This morning I sat down to start writing reviews of a few books I’ve finished lately that don’t come out for a few months. Usually, I try not to read too far ahead of pub dates for books for a number of reasons, but one of the big ones is that I end up sitting on pre-written reviews for months. That isn’t a bad thing in and of itself, but sometimes it means that something being published soon or something published not too long ago doesn’t get my attention right away.
I think I’ve mentioned before that I don’t review everything I read. If I did, my reviews would be much shorter. But more than that, I like to write about books that spoke to me in some way — either because I really liked something about the book or because something really didn’t work. I find, too, I get way more satisfaction writing a lengthy, critical review over a few things, rather than writing a bunch of smaller reviews of many more things. So yes, sometimes things get overlooked and yes, sometimes I read something everyone else has read. I just don’t feel like blogging about it. I blog for me, first and foremost.
But as much as blogging is something I do for myself, it is something I also do knowing full well I am blogging for an audience. And let me tell you: I appreciate the fact people actually read this and people care. It’s amazing and fulfilling in a way that’s not easily expressed. So thank you.
There are times, though, I find myself wondering why I put in the effort or whether it’s worth it. Blogging sometimes feels like work. I sat down today to catch up on a handful of reviews I want (note: want — not need) to write, but I couldn’t make myself do it. I really liked a couple of these books, and I really want to express that here. But I couldn’t make myself put words to my thoughts. Instead, I caught myself rereading some of my older reviews and thinking about why I write them in the first place. I put the pressure on myself to write them and I’m pretty adamant about the fact I will review what I want to review and how I want to review them. No one is pressuring me. Even when I take on review copies, I don’t force myself to write a review if I don’t want to. I don’t see a reason to because this is my blog and if it means that someone doesn’t want to provide me a review copy in the future, so be it. It doesn’t change the fact I can acquire the book when it comes out.
Writing a review can take me hours. I do it because I like to think about what’s at the heart of the book and what makes it work or not work. I’ve got a mental list of things I go through when I write a review, too, of certain elements I want to touch upon. I don’t hit them all in a review, but I do think about each one of them. A good review can take me two or three hours to write, and it can take me another hour to reread, revise, and prepare (and sometimes, to be honest, that is in and of itself draining when you’re looking for images, saving them, fighting with Blogger to format them correctly, and so forth). And except for that very last part, I love the process. I love thinking about how to construct a review, how to speak about what the book does or doesn’t do well, how I can convey it best with my own words. It’s a huge mental challenge. It’s writing. I’ve been writing my whole life. Blogging has just been one of the best means of doing it and doing it regularly.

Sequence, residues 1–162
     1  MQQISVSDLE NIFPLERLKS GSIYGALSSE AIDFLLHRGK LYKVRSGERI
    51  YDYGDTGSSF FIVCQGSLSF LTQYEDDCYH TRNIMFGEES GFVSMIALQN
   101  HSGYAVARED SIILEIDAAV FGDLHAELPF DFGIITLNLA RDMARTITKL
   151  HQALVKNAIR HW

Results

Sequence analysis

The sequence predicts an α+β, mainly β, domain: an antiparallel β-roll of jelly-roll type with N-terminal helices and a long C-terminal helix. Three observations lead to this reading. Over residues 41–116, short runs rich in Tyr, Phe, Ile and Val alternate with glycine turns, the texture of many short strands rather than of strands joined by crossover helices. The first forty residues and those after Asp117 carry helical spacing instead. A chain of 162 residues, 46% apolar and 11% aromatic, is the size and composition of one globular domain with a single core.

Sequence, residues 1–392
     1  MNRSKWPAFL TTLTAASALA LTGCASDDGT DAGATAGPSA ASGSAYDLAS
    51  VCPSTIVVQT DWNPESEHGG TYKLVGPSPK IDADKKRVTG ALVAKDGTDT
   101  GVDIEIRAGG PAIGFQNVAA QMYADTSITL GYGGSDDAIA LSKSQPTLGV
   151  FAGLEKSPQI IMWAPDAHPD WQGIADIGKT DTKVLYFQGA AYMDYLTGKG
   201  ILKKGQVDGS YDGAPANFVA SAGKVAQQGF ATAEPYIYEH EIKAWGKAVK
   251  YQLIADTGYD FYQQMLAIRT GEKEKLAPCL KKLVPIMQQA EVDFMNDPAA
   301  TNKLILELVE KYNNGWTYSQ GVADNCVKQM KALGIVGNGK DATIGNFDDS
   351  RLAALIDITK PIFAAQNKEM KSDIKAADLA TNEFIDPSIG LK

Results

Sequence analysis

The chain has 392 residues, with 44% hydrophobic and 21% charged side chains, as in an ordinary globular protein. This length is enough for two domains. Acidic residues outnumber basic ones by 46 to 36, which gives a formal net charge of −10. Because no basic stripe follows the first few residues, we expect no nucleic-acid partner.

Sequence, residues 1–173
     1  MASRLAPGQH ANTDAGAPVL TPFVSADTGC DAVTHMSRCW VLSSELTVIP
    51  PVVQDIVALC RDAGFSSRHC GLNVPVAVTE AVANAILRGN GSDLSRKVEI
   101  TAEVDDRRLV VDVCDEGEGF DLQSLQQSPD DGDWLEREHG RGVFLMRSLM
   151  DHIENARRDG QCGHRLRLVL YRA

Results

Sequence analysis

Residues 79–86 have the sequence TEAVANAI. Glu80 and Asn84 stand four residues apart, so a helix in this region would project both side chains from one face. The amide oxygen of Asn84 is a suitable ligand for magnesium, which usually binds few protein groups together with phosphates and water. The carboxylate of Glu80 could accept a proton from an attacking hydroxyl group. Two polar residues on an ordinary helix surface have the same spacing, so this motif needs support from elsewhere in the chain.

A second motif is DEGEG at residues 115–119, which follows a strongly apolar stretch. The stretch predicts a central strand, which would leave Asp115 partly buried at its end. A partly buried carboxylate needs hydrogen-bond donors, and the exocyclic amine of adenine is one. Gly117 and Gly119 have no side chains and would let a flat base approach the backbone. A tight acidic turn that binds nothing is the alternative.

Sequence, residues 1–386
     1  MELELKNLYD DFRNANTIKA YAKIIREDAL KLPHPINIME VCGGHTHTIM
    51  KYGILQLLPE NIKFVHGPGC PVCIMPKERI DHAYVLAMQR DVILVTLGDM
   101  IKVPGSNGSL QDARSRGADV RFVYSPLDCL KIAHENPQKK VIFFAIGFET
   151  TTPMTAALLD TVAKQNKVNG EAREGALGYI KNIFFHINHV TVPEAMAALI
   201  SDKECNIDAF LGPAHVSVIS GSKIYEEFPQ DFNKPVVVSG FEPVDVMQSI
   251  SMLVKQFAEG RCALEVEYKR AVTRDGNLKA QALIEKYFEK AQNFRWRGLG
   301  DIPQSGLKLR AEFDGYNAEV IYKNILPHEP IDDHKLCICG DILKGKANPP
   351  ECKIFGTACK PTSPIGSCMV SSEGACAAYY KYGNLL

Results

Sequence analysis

I don’t compare myself to anyone else who is blogging because it’s just not my style. I don’t really care what other people “are getting” from blogging. I know what I get out of it, and that’s good enough for me. When I write a good review or a good post, it makes me feel good. I get satisfaction knowing I’ve expressed physically what I’ve been bouncing around mentally.
But as I sat down to review today I found myself completely disinterested. And it wasn’t just today. I’ve been putting off some of these reviews for weeks. Over the last couple of months, I’ve put off writing reviews for books for weeks, too (in one instance, I put off writing the review for 6 months, even though it was a book I loved and wanted to talk about). As much as blogging is for me, I know I blog for a readership and an audience, too.
There’s this competing voice in my head that also reminds me of that when I sit down to write a blog post. It’s not just for me, or I’d not use blogging as a platform for my thoughts and then promote it. It’s also for readers (of all shapes — I don’t know exactly who reads STACKED). There is a level of interaction and engagement that comes from blogging, and I find myself thinking about this when I do write a review. I’ve talked before about how I think stats are a load of crap because they don’t tell you anything about a blog other than it gets a lot of traffic. It doesn’t show or tell you anything about effort or about heart or about passion.